GBP/EUR Forecasts 2021
Period: Q2 2021 Onwards
FX for Businesses Guide
Period: Q2 2021 Onwards
It may also dispel recent market fears about a possible Bank of England decision to cut interest rates below zero later this year, fears which could be brought back to the fore on Monday by Monetary Policy Committee member Silvana Tenreyro.
Tenreyro leads an online discussion of "the international evidence of the transmission of negative interest rates," at 10:00 on Monday, a subject the BoE has been investigating for months. The bank has been assessing the prospective merits of a negative rate policy and has previously said it will set out findings when the decision from its next meeting is announced on January 28.
The Pound-to-Euro exchange rate resisted attempts to push it below 1.10 last week so may be likely to find support around there again in response to any further losses over the coming days, although technical analysts at Commerzbank have warned of a decline as far as 1.0940 in the short-term.
"The market’s recent spike down to .8907 was short lived and this suggests further upside probes are likely to be seen this week," says Karen Jones, head of technical analysis for currencies, commodities and bonds at Commerzbank, referring to EUR/GBP and a level equivalent to 1.1227 for GBP/EUR.
The Commerzbank team have a positive outlook for the Pound over a multi-month horizon, flagging scope for a rally as far as 1.1679, although they've warned of declines that could take it as far as 1.0940 over the coming days. Sterling otherwise faces resistance at 1.1111, 1.1227 and 1.1280 above there.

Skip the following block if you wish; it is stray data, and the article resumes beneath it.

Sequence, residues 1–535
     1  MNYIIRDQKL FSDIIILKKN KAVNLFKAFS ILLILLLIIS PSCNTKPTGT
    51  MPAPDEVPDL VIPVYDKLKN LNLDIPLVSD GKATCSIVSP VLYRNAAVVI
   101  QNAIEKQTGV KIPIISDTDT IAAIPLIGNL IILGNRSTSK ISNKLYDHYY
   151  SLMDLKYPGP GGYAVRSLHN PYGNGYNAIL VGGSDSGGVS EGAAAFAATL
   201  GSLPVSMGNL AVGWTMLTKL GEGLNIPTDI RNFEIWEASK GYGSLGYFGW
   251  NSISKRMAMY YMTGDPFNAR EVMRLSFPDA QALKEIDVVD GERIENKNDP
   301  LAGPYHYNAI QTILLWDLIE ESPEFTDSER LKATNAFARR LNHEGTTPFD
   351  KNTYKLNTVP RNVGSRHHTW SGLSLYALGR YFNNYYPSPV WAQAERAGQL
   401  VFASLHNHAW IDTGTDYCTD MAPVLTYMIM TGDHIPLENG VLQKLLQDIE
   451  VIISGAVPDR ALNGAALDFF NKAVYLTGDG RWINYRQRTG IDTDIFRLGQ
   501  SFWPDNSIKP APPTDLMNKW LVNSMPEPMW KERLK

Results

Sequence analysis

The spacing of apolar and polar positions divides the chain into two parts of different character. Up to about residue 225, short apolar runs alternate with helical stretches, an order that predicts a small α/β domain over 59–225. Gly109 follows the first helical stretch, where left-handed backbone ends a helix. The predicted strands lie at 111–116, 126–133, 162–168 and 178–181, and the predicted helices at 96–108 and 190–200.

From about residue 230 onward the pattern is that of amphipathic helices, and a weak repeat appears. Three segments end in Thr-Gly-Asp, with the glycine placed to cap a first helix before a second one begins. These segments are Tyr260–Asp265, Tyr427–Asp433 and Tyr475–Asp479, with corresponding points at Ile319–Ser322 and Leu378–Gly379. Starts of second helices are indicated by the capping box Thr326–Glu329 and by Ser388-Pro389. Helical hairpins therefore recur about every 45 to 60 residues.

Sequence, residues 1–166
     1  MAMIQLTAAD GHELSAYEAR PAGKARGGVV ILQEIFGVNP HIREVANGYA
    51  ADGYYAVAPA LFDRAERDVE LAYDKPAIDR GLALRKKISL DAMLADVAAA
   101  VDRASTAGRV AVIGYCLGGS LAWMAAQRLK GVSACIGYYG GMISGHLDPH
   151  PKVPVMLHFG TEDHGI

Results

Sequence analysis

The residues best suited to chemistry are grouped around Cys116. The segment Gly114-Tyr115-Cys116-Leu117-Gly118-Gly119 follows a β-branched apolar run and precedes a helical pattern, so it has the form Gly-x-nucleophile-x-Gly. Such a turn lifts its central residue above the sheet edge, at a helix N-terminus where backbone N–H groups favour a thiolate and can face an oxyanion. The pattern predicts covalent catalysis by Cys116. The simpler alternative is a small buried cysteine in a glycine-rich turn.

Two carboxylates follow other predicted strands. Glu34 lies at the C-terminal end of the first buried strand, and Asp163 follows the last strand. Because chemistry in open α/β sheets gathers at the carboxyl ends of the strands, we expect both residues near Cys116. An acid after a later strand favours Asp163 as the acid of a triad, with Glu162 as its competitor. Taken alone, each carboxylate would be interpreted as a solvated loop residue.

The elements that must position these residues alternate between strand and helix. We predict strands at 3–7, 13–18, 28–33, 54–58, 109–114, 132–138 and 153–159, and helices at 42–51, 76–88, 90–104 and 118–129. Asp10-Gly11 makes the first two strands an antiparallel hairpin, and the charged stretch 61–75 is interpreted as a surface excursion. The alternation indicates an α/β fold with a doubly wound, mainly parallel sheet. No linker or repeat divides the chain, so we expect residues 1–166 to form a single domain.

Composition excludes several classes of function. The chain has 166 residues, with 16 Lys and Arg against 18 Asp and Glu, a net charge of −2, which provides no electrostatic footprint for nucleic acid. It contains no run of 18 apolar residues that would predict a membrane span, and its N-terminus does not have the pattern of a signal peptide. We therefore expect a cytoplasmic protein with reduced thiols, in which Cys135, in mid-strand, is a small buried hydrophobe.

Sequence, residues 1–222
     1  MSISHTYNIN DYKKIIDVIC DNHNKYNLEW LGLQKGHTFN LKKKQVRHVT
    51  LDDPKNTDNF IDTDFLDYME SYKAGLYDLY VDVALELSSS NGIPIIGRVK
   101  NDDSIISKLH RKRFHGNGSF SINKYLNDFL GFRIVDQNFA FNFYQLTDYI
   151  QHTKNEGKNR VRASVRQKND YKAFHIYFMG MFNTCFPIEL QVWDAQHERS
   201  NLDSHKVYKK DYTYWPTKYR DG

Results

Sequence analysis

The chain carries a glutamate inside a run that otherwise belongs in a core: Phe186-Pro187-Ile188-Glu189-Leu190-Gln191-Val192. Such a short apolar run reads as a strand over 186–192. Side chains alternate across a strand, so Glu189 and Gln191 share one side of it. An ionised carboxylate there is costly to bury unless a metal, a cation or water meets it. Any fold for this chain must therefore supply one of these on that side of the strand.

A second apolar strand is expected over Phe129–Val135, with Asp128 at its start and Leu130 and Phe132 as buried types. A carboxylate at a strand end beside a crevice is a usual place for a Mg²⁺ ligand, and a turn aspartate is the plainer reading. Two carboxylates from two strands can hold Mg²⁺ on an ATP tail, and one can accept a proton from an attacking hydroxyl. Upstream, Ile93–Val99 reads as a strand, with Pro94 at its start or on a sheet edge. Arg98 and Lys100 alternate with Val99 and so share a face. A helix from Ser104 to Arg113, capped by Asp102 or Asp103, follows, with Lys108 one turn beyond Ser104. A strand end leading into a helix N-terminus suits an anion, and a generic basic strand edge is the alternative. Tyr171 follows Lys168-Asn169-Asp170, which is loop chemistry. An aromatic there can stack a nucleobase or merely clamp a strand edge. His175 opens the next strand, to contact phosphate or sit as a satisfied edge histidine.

International developments will also be a key influence on the Pound in the coming week and especially if rising U.S. bond yields continue to the lift the Dollar. The Euro has risen further against the greenback than Sterling in recent weeks and could be more sensitive to any improvement in U.S. yields.
"The first week’s FX trading of the year provides a mini-version of what we except for the year as a whole. The global upswing story remains prominent, boosted by the Democrats gaining control of the US Senate and the continued rollout of the COVID-19 vaccine. Risk on G10 currencies are strongest," says Daragh Maher, head of U.S. FX strategy at HSBC. "GBP is the underperformer so far, and we expect the currency’s struggles to persist. The first week’s price action also is consistent with our view that while the USD may be on the defensive, any weakness will likely have its limits as we view this as a cyclical USD reaction to the global upswing rather than a structural USD bear story. It is interesting how tapering talk, which has arrived rather early, though is still in its infancy, is already giving more strident structural USD bears pause for thought."
Several of the BoE's Monetary Policy Committee members will also deliver speeches this week, which could garner more attention than usual as the market assesses the risk of an experiment with negative interest rates.
Among them are members Silvana Tenreyro, who will address the topic directly at 14:00 on Monday before Ben Broadbent tackles "Covid and the composition of spending" at 10:00 on Tuesday.
In addition. November's GDP data is due out on Friday, where economists are looking on average for a -4.4% fall as that month saw a toughening of coronavirus-related restrictions when businesses in the hospitality sector were asked to close again. The data is out at 07:00 on Friday.